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Text Summarization: modes and algos

Which algorithms are used to summarize.

Text summarization is the process of producing a shorter version of a text (or also of more than one text) without loss of sense and of relevant information. In an era of information overload, where texts of all kinds (reports, papers, speech transcriptions, etc) do multiply at an impressive rate, having access to a reduced version of texts it’s really something essential. Automatic text summarization (ATS) is done with more and more sophisticated algorithms, among which stands the BART algorithm by Facebook AI. But the BART algorithm is not the only one: let’s have a look at what text summarization means and how it is done.

Automatic text summarization: the main approaches

Text summarization it’s not an easy task, even for humans, let alone machines. To perform it is necessary a good amount of comprehension of the text one is going to sum up and also an ability to rephrase things so to convey the same meaning and the essential information in a text that is readable, short and representative. Maybe this is the crucial point: identifying “essential” information pruning out all that is unnecessary.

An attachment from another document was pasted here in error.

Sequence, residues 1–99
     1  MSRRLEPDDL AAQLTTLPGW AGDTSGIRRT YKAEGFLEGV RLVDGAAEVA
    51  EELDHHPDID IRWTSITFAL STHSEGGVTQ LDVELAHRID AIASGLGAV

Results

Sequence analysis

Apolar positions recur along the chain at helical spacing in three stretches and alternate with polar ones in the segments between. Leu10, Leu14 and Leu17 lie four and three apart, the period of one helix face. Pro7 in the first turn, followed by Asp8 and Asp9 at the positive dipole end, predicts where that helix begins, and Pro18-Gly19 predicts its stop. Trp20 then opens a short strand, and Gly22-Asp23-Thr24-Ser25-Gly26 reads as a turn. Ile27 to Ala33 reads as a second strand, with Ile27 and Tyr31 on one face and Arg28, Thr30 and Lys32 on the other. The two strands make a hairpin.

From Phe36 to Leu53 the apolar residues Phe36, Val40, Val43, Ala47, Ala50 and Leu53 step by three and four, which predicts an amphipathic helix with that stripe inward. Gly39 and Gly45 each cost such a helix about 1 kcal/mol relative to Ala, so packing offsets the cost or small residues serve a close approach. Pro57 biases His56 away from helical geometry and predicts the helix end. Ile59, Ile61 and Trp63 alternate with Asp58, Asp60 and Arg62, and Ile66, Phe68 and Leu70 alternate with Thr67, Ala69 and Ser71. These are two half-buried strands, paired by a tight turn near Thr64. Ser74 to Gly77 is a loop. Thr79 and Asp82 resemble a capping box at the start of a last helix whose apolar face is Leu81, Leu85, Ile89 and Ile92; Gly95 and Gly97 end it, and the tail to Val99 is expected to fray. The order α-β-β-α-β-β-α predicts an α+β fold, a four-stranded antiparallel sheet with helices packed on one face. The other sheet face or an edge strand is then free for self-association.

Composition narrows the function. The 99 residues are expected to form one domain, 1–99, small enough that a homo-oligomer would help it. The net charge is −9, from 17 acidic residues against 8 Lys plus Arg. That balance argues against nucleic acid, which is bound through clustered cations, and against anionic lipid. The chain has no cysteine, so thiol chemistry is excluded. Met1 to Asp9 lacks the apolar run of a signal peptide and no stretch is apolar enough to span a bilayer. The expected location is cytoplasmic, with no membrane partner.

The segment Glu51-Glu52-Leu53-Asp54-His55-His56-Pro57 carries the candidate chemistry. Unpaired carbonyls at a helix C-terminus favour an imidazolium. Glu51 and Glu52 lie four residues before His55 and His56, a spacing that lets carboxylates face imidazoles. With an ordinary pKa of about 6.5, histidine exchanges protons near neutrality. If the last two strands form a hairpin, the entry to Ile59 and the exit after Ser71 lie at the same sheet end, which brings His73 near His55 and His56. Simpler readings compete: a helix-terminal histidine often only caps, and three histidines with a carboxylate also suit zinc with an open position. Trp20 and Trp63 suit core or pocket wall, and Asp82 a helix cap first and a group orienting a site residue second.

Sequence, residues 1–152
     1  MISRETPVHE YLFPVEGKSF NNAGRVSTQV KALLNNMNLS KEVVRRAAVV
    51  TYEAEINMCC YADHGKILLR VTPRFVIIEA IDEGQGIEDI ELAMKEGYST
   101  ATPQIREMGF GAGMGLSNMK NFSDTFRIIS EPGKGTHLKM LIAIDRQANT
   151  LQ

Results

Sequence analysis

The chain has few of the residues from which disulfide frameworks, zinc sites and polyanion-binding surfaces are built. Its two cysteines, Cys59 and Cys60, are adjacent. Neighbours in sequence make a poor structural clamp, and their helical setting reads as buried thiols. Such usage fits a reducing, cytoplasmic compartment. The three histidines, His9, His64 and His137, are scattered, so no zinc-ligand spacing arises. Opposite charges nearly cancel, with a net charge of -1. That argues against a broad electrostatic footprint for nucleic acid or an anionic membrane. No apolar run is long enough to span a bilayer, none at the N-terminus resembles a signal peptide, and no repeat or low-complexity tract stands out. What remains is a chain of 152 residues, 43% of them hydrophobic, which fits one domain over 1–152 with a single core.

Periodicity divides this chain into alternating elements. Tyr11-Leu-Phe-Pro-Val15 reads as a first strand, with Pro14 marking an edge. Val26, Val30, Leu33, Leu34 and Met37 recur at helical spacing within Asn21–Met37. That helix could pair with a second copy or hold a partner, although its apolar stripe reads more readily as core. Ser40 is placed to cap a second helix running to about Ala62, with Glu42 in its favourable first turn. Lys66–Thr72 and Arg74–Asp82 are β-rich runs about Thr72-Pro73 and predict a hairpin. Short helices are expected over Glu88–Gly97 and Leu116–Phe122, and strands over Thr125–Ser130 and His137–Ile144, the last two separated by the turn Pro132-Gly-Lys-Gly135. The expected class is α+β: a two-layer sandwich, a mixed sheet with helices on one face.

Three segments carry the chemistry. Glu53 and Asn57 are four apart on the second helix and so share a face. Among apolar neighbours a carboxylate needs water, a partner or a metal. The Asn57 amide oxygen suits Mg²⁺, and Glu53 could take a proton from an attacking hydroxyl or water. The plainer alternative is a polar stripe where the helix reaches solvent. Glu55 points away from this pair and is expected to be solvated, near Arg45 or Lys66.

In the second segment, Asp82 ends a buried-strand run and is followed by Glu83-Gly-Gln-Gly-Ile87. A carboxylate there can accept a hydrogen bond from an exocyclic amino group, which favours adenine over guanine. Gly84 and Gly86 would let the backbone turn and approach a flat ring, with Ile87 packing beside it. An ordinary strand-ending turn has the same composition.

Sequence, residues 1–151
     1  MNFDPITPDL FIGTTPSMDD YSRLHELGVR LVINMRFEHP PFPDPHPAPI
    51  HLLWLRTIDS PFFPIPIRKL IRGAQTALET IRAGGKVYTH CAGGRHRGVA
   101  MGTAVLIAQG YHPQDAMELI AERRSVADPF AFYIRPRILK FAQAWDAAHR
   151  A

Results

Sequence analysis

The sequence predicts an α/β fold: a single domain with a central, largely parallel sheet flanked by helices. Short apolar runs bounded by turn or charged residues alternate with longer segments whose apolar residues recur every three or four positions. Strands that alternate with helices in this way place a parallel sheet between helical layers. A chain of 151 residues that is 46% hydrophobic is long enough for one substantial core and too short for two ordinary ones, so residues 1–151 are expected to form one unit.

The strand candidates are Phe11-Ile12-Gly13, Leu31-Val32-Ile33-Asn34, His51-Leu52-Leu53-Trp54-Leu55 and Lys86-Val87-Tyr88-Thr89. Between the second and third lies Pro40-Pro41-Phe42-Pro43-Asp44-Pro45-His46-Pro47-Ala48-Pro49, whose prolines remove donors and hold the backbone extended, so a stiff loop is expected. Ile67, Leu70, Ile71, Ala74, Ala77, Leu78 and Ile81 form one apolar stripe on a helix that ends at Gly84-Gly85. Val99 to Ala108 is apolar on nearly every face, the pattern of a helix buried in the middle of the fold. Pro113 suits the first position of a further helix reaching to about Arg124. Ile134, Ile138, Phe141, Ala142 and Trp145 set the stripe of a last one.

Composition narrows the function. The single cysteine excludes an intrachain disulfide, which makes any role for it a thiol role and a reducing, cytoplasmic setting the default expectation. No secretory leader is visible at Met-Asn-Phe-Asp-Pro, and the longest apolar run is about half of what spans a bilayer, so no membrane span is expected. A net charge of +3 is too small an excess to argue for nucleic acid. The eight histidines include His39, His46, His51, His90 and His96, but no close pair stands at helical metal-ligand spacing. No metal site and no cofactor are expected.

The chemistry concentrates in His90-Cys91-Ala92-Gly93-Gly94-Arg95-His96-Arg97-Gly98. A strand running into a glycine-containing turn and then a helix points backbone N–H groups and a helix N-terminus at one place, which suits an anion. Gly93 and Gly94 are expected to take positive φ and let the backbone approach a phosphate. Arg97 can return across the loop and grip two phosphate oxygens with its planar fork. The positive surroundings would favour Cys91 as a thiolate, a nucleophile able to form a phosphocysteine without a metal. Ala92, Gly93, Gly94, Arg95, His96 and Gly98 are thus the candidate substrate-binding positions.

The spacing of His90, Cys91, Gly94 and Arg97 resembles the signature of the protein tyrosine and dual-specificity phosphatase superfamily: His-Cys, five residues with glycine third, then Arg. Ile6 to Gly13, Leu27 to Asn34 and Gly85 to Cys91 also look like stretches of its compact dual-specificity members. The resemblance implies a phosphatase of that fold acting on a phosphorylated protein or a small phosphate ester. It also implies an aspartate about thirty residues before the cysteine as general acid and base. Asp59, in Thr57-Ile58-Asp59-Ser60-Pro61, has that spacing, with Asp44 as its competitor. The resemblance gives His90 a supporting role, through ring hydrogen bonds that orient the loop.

Even though automatic text summarisation (ATS) it’s not a new research field (the first works in this area date back to 1958) it’s only when consistent progresses in the area on natural language processing (NLP), latent semantic analysis (LSA), machine learning (ML) and deep learning (DL) have been made that this discipline – because of the close link between all of this fields – has really undergone significant leaps forward.

Being a complex field, there are many different approaches to automatic text summarisation.

Basically, we can classify an automatic text summarisation method by the input document (size, specificity and form), by the purpose of summarization (so by it intended audience, its usage and its expansiveness), or by the kind of documents that will come out as the output of the process (so whether it is used an extraction or an abstraction approach, or whether the resulting abstract is neutral vs evaluative). For an overview of possibile ATS approaches cfr figure 1 (as found in Aries, Abdelkrime & Djamel Eddine, Zegour & Hidouci, Walid. (2019). Automatic text summarization: What has been done and what has to be done.)